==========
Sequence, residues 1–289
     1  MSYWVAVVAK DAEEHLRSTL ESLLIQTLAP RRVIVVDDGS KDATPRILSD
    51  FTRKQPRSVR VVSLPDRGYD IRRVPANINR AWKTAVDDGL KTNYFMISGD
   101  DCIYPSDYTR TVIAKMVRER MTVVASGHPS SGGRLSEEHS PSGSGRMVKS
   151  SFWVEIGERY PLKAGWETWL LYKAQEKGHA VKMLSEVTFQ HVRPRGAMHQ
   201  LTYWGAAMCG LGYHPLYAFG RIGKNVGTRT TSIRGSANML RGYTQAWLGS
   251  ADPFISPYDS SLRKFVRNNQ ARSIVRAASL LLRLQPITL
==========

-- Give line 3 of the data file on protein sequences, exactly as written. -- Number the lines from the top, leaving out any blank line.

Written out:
    51  FTRKQPRSVR VVSLPDRGYD IRRVPANINR AWKTAVDDGL KTNYFMISGD